The convicted killer, sometimes called “the serpent” for frequently evading police and using a disguise, has been accused of more than a dozen killings, but has never been convicted in Nepal. are only two.
A judge ordered Sobraj’s release within days based on his old age, good deeds and the length of the sentence he had already served, according to a ruling issued by Nepal’s Supreme Court. It was pointed out that the murderer who received it also suffered from a heart condition that would likely require open-heart surgery.
“His continued imprisonment violates the standard human rights of prisoners,” the court ruled, adding: He should return to his country within 15 days. ”
Sobhraj’s attorney, Lokbhakta Rana, told The Washington Post on Thursday that he praised the judge for “a very bold decision” to order his immediate release.
“Actually, I didn’t expect it at all. But it’s the right decision,” Lana added. “Nobody wanted to let him go.”
“He was tried according to the law, imprisoned according to the law, and released according to the law.”
Rana said she hopes her client will be released from a Nepalese prison within two weeks and will return to France.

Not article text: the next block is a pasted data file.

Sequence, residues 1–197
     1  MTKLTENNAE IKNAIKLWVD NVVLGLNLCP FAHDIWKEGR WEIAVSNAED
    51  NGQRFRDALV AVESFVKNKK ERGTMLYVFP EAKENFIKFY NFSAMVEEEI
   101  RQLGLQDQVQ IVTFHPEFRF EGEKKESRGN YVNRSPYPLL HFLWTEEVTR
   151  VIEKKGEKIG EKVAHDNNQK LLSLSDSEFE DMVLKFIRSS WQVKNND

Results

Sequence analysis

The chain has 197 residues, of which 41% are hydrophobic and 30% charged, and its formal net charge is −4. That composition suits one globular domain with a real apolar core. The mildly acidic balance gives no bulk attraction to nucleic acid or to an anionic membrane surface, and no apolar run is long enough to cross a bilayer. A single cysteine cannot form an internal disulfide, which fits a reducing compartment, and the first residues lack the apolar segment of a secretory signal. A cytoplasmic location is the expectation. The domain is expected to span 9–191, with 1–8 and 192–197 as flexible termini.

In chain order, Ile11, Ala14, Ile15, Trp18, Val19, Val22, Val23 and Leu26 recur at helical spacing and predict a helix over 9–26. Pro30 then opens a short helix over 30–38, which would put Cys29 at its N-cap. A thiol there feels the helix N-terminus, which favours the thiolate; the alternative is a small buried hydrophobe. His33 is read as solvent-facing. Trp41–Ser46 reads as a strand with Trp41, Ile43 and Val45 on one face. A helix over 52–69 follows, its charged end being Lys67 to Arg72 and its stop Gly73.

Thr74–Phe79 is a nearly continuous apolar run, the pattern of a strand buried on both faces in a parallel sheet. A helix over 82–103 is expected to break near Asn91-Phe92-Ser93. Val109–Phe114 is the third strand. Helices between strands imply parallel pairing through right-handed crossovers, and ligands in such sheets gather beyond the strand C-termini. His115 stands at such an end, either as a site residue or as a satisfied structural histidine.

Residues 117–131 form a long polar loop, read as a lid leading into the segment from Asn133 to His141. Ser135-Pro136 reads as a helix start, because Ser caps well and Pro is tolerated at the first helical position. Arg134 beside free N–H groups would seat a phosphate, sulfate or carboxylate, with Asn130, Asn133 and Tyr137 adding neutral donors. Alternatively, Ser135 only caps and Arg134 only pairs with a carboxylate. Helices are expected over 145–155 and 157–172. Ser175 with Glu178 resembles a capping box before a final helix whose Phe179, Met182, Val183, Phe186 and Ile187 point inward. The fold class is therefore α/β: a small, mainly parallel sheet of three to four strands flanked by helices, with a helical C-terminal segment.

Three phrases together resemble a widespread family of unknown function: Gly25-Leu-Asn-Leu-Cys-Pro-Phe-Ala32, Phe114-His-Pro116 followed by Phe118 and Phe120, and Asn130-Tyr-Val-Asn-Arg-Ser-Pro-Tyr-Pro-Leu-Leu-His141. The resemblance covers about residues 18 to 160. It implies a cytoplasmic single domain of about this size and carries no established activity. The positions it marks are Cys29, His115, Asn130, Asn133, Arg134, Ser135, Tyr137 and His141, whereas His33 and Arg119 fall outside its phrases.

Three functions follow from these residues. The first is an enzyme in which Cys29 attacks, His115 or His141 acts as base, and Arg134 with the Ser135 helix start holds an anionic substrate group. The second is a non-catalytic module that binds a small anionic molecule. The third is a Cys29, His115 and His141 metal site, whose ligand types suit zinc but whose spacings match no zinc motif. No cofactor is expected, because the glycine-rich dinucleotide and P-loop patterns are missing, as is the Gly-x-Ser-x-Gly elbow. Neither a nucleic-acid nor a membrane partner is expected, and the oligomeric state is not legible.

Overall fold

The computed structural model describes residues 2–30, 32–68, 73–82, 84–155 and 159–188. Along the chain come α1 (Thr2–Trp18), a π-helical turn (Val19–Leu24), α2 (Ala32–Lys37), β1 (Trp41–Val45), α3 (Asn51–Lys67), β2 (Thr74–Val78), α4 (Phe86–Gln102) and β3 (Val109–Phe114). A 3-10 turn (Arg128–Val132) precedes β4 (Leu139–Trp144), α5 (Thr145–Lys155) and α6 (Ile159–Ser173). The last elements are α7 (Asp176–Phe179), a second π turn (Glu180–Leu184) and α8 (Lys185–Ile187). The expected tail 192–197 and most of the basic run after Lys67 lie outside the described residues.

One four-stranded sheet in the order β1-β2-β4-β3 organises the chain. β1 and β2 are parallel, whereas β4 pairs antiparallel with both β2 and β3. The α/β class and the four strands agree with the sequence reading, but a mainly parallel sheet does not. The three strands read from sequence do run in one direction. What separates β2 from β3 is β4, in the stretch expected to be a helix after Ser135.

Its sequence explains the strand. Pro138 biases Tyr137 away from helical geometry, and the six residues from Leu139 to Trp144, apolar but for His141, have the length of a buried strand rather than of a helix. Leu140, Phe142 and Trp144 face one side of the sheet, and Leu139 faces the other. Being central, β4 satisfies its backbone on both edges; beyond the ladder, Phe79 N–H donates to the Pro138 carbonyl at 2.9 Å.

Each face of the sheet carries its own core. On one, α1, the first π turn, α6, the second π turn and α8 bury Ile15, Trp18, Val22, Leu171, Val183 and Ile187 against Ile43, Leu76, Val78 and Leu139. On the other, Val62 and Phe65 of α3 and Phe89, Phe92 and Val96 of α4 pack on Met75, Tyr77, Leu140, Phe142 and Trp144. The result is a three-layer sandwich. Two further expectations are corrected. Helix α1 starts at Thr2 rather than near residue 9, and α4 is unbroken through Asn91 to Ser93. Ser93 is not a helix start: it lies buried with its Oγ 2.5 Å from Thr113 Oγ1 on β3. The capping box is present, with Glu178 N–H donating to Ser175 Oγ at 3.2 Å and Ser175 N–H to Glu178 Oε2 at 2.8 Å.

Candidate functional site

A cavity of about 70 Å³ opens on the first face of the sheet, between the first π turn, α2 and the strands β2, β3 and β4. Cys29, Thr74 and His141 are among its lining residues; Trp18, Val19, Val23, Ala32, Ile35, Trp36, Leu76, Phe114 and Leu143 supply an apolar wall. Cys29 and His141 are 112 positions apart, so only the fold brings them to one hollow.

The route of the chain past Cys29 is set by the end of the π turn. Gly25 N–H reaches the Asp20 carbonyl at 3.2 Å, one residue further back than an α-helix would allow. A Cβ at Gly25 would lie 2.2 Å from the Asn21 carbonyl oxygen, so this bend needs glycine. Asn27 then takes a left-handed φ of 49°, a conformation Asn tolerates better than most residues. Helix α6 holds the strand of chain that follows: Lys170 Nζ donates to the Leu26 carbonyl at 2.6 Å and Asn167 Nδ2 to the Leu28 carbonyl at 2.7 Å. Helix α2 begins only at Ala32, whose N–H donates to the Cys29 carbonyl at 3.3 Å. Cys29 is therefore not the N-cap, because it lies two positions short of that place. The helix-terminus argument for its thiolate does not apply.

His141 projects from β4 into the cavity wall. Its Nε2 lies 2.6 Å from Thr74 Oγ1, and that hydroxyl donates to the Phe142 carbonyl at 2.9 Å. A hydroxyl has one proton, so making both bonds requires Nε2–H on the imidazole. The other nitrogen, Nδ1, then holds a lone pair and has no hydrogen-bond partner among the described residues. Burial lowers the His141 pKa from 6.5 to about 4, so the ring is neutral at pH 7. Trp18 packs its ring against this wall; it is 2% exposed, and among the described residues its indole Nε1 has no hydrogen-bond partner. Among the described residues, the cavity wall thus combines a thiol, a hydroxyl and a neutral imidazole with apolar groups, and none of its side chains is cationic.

Sobhraj was imprisoned in India for 21 years from 1976 after being convicted of theft. After attempting to escape in 1986, shortly before his original sentence ended, Sobraj was recaptured and returned to prison, where he faced an extended sentence.
Associated Press reports that year said Sobhraj was accused of a variety of crimes during his re-arrest in Nepal, Singapore, Greece, Afghanistan, Hong Kong, Turkey and Iran, ranging from car theft to drugging, robbery and murder of a young couple. wanted for a violent crime. We were getting along.
The extension of Sobhraj’s sentence for his escape attempt, which marked the time of his final release from prison in 1997, resulted in an extradition request from Thailand, where he was wanted for 14 murders and faced the death penalty. Yes, it had expired under a 20-year law. Of the limitations, AP reports pointed out at the time.
For reasons that remain unclear, Sobhraj subsequently returned to Nepal, where he was wanted by the police on suspicion of murder. In 2003, Kathmandu He was spotted by a reporter from the Himalayan Times in a casino, arrested, and eventually sentenced to 20 years in prison. imprisonment years.
His life has been the subject of multiple dramatizations, including the 2021 multi-part drama The Serpent by Netflix and BBC.